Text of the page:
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The Consumer Financial Protection Bureau (CFPB) has announced its five-year Strategic Plan—a dial-back of Dodd-Frank—with three objectives:

  1. “Ensure that all consumers have access to markets for consumer financial products and services.”
  1. “Implement and enforce the law consistently to ensure that markets for consumer financial products and services are fair, transparent, and competitive.”
  1. “Foster operational excellence through efficient and effective processes, governance, and security of resources of information.”

Of note is the language and order of the Plan, which differs from the agency’s 2013-2017 strategy:

  1. “Prevent financial harm to consumers while promoting good practices that benefit them.”
  1. “Empower consumers to live better financial lives.”
  1. “Inform the public, policymakers, and the CFPB’s own policy-making with data-driven analysis of consumer finance markets and consumer behavior.”
  1. “Advance the CFPB’s performance by maximizing resource productivity and enhancing impact.”

In consideration of its first objective, the organization is planning to “regularly identify and address outdated, unnecessary or unduly burdensome regulations in order to reduce unwarranted regulatory burdens.” Both Mulvaney and President Trump have been forthcoming with their opposition of over-regulation, and critics contend that the agency’s former director, Richard Cordray, was too aggressive in enforcing Dodd-Frank.

“If there is one way to summarize the strategic changes occurring at the Bureau, it is this: we have committed to fulfill the Bureau’s statutory responsibilities, but go no further,” said Mick Mulvaney, acting director of the CFPB, in a statement. “By hewing to the statute, this Strategic Plan provides the Bureau a ready roadmap, a touchstone with a fixed meaning that should serve as a bulwark against the misuse of our unparalleled powers.”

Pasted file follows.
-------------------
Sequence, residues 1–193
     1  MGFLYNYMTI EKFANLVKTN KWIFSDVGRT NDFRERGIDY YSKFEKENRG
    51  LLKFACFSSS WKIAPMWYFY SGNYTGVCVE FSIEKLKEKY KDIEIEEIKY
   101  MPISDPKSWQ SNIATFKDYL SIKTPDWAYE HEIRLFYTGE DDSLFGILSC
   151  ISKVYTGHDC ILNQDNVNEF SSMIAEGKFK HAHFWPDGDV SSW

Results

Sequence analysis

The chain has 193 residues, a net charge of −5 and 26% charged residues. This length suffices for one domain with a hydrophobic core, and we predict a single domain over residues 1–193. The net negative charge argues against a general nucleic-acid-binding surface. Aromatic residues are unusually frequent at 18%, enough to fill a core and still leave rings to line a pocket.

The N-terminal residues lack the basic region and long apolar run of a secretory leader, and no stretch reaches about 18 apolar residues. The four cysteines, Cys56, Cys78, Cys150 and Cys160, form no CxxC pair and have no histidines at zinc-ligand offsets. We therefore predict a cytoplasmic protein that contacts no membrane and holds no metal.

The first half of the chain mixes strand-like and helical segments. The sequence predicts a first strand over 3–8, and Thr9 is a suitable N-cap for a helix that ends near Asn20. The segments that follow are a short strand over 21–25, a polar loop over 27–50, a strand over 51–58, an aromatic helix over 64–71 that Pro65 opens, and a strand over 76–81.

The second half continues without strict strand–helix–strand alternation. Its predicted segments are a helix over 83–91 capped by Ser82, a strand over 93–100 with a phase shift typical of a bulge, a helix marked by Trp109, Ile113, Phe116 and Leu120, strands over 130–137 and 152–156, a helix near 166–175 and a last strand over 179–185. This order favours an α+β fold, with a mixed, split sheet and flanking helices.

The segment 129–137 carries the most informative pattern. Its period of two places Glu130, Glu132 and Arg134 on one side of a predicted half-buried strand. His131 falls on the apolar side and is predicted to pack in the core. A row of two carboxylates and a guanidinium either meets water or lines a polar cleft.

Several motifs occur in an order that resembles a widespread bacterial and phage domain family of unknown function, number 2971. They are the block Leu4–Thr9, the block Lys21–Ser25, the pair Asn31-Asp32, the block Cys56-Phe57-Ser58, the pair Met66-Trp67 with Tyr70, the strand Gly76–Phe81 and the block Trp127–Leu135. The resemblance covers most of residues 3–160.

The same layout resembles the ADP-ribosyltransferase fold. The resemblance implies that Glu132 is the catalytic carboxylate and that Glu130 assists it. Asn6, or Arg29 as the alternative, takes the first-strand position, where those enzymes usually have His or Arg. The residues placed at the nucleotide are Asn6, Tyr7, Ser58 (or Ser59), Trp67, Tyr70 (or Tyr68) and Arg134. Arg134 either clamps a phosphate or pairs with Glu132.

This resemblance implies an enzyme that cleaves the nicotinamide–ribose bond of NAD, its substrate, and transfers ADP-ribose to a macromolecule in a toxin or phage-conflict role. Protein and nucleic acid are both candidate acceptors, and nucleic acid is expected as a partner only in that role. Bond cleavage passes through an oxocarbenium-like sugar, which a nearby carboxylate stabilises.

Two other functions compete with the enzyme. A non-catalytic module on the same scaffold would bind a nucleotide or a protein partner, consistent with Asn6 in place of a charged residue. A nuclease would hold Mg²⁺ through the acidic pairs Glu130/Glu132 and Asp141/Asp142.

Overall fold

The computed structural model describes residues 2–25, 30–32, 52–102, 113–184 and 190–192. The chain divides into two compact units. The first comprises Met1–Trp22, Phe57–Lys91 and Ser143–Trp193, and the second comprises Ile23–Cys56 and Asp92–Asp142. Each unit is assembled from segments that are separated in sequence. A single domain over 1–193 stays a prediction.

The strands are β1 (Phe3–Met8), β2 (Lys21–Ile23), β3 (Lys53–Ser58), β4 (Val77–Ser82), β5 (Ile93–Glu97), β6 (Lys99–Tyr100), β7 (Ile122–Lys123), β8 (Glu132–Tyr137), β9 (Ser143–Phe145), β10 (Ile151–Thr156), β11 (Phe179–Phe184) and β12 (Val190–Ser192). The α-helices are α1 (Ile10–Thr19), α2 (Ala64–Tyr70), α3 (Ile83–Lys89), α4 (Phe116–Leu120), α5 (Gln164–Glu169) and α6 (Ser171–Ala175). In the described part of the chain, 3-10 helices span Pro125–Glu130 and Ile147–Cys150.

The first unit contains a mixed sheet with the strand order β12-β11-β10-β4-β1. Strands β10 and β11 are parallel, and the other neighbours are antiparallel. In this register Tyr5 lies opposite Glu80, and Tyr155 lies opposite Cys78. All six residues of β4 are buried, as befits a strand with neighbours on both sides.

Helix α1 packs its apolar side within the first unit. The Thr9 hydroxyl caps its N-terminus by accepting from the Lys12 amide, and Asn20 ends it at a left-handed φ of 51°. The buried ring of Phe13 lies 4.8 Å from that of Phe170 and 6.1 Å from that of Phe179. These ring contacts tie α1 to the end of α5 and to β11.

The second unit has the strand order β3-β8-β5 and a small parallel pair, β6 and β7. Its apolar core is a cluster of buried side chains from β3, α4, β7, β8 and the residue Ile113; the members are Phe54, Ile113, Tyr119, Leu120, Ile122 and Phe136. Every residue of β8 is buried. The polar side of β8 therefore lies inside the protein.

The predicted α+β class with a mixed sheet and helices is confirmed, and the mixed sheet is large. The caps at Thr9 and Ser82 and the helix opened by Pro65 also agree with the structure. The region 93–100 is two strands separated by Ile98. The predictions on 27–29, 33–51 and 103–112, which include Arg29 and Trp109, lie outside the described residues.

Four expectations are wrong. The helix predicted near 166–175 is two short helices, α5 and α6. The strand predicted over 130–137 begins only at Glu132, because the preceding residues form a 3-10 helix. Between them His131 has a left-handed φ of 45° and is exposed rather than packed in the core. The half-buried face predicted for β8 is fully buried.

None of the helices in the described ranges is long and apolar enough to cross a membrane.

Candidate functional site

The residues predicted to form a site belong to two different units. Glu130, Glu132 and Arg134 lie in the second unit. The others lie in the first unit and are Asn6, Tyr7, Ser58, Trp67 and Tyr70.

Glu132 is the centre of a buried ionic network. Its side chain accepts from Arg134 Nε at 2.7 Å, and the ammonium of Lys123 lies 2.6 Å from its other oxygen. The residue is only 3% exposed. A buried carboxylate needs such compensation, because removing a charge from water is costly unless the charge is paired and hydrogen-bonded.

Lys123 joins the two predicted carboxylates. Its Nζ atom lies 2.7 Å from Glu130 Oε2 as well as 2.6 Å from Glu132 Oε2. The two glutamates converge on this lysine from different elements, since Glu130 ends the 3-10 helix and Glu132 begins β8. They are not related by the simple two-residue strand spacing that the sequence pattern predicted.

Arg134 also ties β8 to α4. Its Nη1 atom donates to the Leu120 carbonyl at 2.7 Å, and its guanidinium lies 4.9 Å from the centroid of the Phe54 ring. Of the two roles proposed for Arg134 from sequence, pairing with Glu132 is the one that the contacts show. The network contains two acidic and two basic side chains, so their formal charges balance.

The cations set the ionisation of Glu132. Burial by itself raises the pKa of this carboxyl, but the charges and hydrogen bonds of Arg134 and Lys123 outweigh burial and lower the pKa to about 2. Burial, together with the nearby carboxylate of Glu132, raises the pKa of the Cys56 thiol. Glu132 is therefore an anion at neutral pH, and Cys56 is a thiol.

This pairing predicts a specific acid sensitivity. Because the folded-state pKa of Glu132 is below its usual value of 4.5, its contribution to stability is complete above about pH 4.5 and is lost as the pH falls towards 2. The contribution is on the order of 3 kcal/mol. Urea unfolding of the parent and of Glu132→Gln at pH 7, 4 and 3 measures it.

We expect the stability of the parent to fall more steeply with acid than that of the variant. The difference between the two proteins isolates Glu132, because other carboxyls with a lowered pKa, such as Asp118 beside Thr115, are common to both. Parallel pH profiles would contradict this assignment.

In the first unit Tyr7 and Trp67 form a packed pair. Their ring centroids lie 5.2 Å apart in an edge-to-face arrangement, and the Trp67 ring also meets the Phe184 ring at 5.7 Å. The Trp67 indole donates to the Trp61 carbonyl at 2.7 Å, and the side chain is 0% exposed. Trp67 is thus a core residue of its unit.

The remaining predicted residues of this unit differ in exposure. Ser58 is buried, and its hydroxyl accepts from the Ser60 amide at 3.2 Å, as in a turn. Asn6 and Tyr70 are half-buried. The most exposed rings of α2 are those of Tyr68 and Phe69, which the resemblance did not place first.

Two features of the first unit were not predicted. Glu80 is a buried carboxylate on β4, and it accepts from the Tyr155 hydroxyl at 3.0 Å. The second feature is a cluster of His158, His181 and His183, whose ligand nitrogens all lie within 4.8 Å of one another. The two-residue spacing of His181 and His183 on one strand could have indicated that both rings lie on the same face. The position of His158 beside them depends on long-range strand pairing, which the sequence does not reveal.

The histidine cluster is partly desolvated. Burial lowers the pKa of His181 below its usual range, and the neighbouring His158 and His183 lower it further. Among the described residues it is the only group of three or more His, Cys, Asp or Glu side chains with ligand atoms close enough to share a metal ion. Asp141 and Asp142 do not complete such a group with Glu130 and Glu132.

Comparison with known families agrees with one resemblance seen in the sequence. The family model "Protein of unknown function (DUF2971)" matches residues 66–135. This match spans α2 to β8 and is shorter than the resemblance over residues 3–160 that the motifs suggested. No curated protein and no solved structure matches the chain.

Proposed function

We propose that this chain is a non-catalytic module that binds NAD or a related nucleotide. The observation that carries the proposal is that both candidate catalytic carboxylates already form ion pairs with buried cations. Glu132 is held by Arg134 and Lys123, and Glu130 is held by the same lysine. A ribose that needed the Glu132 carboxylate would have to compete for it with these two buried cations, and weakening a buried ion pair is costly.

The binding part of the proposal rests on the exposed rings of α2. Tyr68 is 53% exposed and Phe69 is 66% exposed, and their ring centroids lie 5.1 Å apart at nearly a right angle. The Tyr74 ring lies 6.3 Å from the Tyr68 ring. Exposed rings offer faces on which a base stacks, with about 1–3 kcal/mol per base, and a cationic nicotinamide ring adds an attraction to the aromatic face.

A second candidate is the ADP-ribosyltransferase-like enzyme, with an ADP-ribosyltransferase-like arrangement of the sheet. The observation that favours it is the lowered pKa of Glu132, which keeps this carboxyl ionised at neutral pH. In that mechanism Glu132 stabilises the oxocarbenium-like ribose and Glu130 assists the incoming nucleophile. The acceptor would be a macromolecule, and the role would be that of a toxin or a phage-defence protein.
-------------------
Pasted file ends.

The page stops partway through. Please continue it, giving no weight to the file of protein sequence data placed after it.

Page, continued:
According to the agency, it consulted Congress in the development of the plan, and it “draws directly from the Dodd-Frank Wall Street Reform and Consumer Protection Act.” It has amended its mission to now “regulate the offering and provisions of consumer financial products or services under the federal consumer financial laws and to educate and empower consumers to make better informed financial decisions,” and its vision to “free, innovative, competitive, and transparent consumer finance markets where the rights of all parties are protected by the rule of law and where consumers are free to choose the products and services that best fit their individual needs.”

To carry out its objectives, the agency intends to “seek the counsel of others; make decisions after carefully considering the evidence; equally protect the legal rights of all; confidently do what is right; and act with humility and moderation.”

Stay tuned to RISMedia for more developments.

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